Now that another year is upon us, it has given me the chance to reflect on how racially intense the year 2013 was.
It’s safe to say that race was front and center in 2013, from the Richie Incognito/Jonathan Martin Miami Dolphins racial harassment and text messaging saga to Duck Dynasty star Phil Robertson being suspended then recently reinstated by A&E for making what many people would argue were unflattering and misguided comments in regards to Black Americans and gay people. No matter where you turned, racial politics dominated the public landscape.
In late spring, we heard of celebrity cook Paula Deen’s desires for a “slave themed wedding” with Black men and women dressed in slave attire reminiscent of the pre-Civil War era, as well as her blatant admission that “of course she had frequently used the N –word” throughout her life in a court deposition. More telling was the “why are you all that shocked?” sort-of-response she gave to her critics and the public at large. Quite frankly, I was not surprised. For several days, the mainstream media followed her suddenly newfound mea culpa’s and messy explanations (which actually made her situation worse) and the avalanche effect that the scandal had on her previously growing culinary empire. The domino effect was in full force. In a mere matter of weeks, Deen’s television career was as dead as fried chicken.
By midsummer, a large segment of the public was fixated on the George Zimmerman/ Trayvon Martin saga. For many people of color (and a number of Whites), the not guilty verdict that was rendered to a grown adult man who had shot an unarmed teenager was a kick in the gut and served to further polarize an already racially fragmented nation. For those of us with an acute sense of history, flashbacks and visions of Emmett Till permeated our minds. After the verdict, Martin’s parents urged peace and prayers and have conducted themselves with a level of grace, dignity and forgiveness that few of us could or would have been able to do. Their behavior is inspiring beyond belief.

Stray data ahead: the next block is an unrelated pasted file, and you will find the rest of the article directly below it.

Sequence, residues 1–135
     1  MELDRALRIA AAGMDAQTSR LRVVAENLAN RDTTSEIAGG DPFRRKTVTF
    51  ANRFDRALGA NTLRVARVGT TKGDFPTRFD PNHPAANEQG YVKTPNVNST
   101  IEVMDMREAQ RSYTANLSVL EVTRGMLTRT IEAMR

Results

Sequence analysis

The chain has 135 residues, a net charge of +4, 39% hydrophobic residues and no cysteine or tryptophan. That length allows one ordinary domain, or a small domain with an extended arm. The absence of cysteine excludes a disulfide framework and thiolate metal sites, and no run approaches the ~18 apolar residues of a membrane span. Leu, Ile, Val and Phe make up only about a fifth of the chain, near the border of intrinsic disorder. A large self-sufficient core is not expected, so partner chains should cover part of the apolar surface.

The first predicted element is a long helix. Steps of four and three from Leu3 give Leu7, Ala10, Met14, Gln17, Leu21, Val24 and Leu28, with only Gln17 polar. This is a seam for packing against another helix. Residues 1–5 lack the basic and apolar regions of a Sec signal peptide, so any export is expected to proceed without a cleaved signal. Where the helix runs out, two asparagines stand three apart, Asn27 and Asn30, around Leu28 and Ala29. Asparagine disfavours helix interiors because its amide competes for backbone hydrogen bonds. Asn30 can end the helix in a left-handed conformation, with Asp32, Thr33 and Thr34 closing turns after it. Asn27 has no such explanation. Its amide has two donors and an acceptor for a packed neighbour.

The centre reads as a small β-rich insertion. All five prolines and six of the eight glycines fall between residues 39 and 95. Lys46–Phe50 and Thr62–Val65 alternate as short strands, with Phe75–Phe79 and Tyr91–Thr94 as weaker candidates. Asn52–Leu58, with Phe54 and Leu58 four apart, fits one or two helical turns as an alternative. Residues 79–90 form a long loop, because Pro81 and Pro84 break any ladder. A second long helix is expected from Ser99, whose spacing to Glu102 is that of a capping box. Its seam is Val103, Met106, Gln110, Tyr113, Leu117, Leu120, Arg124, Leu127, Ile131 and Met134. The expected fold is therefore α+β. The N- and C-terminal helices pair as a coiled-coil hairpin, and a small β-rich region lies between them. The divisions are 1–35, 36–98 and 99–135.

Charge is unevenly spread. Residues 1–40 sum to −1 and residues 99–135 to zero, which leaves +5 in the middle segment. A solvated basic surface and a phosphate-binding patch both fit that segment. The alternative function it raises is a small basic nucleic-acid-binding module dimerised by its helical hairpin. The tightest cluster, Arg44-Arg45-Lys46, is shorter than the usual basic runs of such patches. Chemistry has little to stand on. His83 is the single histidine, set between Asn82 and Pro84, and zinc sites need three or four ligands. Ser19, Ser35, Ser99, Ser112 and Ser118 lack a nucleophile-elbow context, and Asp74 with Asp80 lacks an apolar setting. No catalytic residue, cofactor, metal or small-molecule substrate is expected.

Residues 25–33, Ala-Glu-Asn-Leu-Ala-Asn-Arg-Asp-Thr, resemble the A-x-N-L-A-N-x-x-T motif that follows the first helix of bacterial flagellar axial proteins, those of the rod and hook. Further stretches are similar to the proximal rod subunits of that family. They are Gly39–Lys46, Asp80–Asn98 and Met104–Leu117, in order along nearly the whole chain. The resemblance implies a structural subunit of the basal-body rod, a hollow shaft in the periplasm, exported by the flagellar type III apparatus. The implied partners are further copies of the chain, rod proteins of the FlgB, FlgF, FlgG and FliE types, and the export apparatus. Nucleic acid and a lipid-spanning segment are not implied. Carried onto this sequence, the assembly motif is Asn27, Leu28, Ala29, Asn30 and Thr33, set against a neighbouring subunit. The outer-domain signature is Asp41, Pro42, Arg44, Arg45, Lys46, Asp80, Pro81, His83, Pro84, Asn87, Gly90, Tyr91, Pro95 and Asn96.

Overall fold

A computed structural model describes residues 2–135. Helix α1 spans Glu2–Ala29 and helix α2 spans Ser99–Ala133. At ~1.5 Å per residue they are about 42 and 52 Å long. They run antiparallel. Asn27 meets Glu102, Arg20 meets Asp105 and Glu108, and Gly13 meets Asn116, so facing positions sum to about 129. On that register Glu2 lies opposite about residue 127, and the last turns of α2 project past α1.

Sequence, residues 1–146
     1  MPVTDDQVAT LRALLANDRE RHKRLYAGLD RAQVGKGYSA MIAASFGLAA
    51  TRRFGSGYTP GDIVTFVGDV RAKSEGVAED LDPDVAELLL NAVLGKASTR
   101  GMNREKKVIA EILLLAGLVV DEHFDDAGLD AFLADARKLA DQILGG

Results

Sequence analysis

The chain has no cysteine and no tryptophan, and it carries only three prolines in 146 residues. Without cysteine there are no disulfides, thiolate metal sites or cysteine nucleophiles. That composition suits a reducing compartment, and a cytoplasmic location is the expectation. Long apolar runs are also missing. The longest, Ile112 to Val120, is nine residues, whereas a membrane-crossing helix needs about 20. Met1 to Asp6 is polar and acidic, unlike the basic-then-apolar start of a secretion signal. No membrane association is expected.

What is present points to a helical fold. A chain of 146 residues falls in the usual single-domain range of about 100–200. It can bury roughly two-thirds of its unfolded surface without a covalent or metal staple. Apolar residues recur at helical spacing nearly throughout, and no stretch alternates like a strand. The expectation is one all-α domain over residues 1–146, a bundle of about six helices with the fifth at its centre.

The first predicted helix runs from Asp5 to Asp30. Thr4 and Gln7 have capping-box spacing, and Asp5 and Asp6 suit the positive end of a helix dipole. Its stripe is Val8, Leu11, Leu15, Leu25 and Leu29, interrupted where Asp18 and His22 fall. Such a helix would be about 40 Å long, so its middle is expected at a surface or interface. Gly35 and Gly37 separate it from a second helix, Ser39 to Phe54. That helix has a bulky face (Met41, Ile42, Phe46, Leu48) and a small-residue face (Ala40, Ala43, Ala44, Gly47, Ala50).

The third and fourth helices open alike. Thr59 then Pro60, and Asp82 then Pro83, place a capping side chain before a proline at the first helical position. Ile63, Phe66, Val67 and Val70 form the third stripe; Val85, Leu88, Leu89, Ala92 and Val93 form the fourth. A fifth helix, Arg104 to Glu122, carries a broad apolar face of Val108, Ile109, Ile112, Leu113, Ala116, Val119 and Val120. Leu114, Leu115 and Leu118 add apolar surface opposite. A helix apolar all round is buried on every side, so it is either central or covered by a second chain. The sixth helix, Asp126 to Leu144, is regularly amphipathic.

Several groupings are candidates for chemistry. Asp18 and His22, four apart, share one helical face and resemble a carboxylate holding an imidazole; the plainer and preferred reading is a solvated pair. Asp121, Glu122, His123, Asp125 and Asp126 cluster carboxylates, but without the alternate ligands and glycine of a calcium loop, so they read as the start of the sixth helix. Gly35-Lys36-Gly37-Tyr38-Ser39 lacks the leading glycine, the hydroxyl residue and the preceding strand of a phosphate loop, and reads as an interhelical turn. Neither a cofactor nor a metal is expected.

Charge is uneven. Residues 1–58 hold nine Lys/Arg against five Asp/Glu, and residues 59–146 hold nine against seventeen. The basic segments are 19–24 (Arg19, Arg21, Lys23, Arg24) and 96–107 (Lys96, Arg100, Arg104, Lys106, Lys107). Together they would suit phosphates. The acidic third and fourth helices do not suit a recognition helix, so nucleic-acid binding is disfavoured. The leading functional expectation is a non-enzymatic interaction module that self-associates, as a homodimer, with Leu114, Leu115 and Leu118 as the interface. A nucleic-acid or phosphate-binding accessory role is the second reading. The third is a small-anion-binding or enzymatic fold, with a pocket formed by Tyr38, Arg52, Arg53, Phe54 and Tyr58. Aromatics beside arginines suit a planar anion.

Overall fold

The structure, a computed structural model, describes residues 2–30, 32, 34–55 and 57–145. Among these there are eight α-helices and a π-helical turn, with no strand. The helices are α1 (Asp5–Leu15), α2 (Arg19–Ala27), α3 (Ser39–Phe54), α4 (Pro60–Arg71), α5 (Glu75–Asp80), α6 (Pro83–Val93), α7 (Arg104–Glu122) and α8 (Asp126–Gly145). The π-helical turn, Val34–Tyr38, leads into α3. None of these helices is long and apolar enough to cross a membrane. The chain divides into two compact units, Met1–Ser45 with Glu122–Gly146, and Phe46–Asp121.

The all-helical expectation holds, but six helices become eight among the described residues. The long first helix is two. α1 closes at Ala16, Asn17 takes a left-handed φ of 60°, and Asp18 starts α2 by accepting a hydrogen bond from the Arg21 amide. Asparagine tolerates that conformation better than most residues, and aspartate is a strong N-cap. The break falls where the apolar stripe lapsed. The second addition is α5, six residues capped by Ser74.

In the largely racially pluralistic world of academia, we heard of blackface parties, violent and aggravated racial harassment, racial discrimination by certain college sororities (pressured by alumni) and stories (and in some cases, videos) from Black male students reciting chronic social isolation at predominately White institutions. There were stories of covert, as well as overt, racism that Black students endured on a daily basis at some of our nations most prestigious campuses, demonstrating that last year was far from being a progressive one on the racial front.
What is even more notable were recent polls conducted by the Associated Press that revealed that the number of Americans with overtly anti-Black attitudes rose to 52 percent from 48 percent in 2008. Implicit racist attitudes increased from 49 percent to 56 percent. Another set of polls administered by the AP found that anti-Latino attitudes and sentiment had become more commonplace since 2011. While these increases are not overwhelmingly large, they are striking enough to cause any racially progressive person cause for pause.
There is no doubt the election of President Barack Obama in 2008 has caused an unprecedented level of fear and resentment in a segment of the population who demographically is older, less educated, blue collar, male and struggling economically. These are the people who have been unable to accept a monumental event, let alone celebrate it. In their reality, such events only happen in fiction novels or Hollywood movies. For this segment of the population, November 5, 2008 marked the beginning of a long nightmare from which they have yet awakened.
The fact is that race relations have gotten slightly worse than they were a few years ago. But as someone who is a historian, I can vouch for the fact that they are significantly better than they were in 1964. In fact, they have considerably improved since the largely reactionary 1980s. Throughout history, Americans (read White men) have frequently reacted brashly to dramatic changes that have occurred in society—The Suffrage movement, the Civil Rights movement and, more recently, Gay and lesbian rights. The first two events overcame the wrath of their adversaries and the third seems poised to claim victory as well.
Sometimes, things tend to get worse before they improve. That being said, if I were a betting man, I would say that the current strife we are witnessing in race relations will eventually erode. All the recent demographic data would indicate this. Moreover, the racial optimist in me believes so as well.
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